December 1978 | Volume 30, Issue 1
“Viewed purely in the abstract, I think there can be no question that women should have equal rights with men …I would have the word ‘obey’ used no more by the wife than by the husband.”
”I first saw her on October 18, 1878, and loved her as soon as I saw her sweet, fair young face. …” Thus Theodore Roosevelt wrote of Alice Hathaway Lee, the girl he married in 1880 when he was twenty-two and she nineteen—tall and lithe, with curly light hair and “dovegray” eyes; “beautiful in face and form,” he said, “and lovelier still in spirit.…” T.R. wooed her with all the impetuous gusto for which he was later famous, and the wedding took place soon after he graduated from Harvard.
Yet it is doubtful that the young man swept Alice Lee off her feet. Though not a great deal is known about her—few of the letters that passed between them survive, for instance—there are indications that she was a girl of lively intellect and advanced opinions. There is a story that one autumn day she breached the exclusively male precincts of Harvard’s Porcellian Club by lunching there extemporaneously with her suitor, to the consternation of other members.
Even more suggestive of Alice’s influence over Thee (as she called him) was a senior essay he wrote in the spring of 1880, when their young romance was in first flight. Its title was “Practicability of Giving Men and Women Equal Rights,” and here are a few excerpts:
“Viewed purely in the abstract, I think there can be no question that women should have equal rights with men.… In the very large class of work which is purely mental… it is doubtful if women are inferior to men … individually many women are superior to the general run of men … if we could once thoroughly get rid of the feeling that an old maid is more to be looked down upon than an old bachelor, or that woman’s work, though equally good, should not be paid as well as man’s, we should have taken a long stride in advance.… I contend that, even as the world now is, it is not only feasable [ sic ] but advisable to make women equal to men before the law.… Especially as regards the laws relating to marriage [ sic ] there should be the most absolute equality preserved between the two sexes. I do not think the woman should assume the man ‘s name . The man should have no more right over the person or property of his wife than she has over the person or property of her husband.… I would have the word ‘obey’ used no more by the wife than by the husband.”
The one area in which young Roosevelt conceded the inferiority of women was physical strength: “As long as the world continues in its present state, just so long will women in actual life be continually subjected to abuse, owing purely to their weakness.…”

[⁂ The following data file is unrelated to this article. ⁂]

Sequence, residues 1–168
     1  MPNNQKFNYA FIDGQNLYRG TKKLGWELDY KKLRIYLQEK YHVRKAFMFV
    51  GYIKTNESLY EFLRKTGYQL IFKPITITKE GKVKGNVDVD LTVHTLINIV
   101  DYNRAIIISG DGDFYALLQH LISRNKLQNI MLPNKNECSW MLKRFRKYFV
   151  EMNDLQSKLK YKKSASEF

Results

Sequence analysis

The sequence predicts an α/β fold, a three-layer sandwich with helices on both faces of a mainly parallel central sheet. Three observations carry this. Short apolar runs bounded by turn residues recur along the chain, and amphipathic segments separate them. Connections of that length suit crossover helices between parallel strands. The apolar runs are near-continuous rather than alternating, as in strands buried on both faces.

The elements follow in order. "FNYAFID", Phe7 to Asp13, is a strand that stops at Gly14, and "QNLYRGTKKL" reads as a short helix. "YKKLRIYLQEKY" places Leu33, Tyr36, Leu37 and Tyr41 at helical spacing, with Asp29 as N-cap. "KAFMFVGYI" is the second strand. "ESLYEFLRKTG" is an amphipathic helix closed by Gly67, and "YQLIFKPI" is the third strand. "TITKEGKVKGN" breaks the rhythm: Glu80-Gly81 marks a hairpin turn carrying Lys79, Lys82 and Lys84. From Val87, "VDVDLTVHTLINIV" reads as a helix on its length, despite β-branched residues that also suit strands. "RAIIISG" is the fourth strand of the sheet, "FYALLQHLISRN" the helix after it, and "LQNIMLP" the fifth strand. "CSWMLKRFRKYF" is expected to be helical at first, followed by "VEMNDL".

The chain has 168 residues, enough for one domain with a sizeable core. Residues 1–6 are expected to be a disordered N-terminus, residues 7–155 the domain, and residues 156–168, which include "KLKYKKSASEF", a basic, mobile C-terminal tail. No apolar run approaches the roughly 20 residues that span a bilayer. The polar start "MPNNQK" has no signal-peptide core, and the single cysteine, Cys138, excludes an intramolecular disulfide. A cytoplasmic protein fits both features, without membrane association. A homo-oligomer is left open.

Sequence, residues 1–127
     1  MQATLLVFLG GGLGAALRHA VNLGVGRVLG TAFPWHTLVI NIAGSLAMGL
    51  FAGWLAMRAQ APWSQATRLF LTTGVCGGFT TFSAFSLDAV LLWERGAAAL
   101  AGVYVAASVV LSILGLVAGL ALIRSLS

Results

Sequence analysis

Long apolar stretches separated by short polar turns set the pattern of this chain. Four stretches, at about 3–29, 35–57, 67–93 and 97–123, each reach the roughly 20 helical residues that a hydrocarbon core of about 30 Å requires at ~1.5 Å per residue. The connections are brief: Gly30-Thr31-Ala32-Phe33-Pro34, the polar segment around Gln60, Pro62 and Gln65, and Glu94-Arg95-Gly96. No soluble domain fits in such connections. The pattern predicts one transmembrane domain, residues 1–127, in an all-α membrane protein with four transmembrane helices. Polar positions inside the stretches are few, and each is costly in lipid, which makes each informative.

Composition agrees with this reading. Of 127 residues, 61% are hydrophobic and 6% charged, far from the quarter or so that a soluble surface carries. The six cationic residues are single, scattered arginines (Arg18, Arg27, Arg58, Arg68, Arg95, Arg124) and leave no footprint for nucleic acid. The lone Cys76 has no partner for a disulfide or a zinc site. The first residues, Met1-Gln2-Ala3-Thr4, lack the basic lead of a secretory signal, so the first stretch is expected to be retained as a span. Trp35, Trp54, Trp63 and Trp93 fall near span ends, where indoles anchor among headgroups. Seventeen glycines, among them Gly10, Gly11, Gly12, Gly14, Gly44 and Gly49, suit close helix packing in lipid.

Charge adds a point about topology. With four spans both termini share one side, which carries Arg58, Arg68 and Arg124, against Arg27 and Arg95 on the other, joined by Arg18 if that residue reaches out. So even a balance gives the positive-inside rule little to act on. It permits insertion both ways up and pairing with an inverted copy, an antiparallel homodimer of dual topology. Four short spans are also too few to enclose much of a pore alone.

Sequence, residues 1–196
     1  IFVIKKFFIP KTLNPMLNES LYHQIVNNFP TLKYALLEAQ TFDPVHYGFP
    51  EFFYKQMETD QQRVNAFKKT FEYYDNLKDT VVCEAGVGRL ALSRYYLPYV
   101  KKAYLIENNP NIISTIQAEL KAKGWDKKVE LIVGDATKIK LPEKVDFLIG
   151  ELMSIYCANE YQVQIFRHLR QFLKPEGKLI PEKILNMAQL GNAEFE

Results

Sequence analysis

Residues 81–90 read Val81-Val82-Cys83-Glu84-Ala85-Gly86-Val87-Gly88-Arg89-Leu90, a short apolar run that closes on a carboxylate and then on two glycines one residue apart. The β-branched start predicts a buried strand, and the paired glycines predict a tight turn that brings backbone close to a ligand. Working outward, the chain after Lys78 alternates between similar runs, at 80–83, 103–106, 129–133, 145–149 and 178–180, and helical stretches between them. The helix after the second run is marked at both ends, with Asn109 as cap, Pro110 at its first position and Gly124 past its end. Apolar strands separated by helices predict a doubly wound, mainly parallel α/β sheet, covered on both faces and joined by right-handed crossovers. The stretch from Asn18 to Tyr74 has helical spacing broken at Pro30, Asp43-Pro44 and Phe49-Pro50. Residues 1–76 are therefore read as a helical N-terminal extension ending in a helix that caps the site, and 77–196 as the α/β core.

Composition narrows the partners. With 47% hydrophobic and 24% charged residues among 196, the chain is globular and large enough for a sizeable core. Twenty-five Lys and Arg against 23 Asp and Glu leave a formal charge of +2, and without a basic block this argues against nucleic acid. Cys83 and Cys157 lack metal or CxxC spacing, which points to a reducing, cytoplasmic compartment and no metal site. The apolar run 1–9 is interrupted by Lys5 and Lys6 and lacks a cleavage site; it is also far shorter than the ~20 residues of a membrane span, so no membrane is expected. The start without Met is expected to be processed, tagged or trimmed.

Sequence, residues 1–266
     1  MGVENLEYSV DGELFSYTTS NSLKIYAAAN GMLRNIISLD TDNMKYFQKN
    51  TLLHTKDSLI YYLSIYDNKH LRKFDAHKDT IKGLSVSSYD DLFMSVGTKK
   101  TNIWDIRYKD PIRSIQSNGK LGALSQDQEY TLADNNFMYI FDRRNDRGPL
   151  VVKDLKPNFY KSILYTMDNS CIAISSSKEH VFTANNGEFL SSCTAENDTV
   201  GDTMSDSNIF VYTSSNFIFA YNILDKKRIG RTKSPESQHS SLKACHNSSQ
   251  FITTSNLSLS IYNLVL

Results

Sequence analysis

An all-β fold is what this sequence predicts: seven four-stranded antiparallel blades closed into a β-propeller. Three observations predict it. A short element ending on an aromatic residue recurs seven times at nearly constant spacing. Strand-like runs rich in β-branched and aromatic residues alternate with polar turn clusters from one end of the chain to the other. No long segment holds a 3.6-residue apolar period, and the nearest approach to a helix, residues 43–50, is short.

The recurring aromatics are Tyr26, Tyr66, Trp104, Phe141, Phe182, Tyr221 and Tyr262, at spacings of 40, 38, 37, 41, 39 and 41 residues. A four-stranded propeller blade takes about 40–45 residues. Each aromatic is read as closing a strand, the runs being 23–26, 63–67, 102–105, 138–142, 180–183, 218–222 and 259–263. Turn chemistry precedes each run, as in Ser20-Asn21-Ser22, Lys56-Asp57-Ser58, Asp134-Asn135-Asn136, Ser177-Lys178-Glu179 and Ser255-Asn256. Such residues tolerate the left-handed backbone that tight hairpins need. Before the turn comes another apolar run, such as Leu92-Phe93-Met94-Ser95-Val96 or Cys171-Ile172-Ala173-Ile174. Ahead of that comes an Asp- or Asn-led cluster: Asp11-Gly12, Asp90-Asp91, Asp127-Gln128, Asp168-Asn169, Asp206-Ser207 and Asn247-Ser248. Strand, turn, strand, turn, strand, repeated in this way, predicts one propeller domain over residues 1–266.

That these views were largely the result of long conversations between the lovers is an almost irresistible conclusion. “Not one thing is ever hidden between us,” Theodore wrote in his diary, and it seems likely that Alice went over his essay carefully before it was handed in—though there is no evidence that when they were married in the fall she continued to go by her maiden name.
Tragically, it turned out that Alice was indeed not very strong. After “three years of happiness such as rarely comes to man or woman,” as T.R. put it, she underwent a difficult pregnancy and then, while her husband was in Albany as a busy member of the New York state legislature, she gave birth to a baby girl in New York City on February 12,1884. But apparently her kidneys had become infected, and half a day after Roosevelt reached her bedside she died. (Almost incredibly, his mother, sick with typhoid in another room of the same house, died early on the same day, February 14.)
“Fair, pure, and joyous as a maiden,” T.R. wrote of Alice, “loving, tender, and happy as a young wife; when she had just become a mother, when her life seemed to be but just begun, and when the years seemed so bright before her—then, by a strange and terrible fate, death came to her.”
In the feminist pantheon it is unlikely that Theodore Roosevelt will ever find a niche. He made a cult of strenuous masculinity, and as President he often inveighed against birth control, divorce, and reluctance to have large families (he once expressed delight at meeting a voter and his wife who were the proud parents of seventeen children). On the question of woman suffrage he remained lukewarm while he was President: “I believe in [it],” he said in 1908, “but I do not regard it as a very important matter.” Later, under the influence of women leaders like Jane Addams, he grew somewhat more zealous, and the Bull Moose party platform in 1912 called for votes for women.
In any case, the convictions of maturity do not always reflect the visions of youth. Perhaps back in the intoxicating spring of 1880, with lovely Alice Lee by his side and very soon to be his wife, T.R. saw the relationship between men and women through romantically tinted glasses; or perhaps he saw it then not through a glass darkly, but face to face.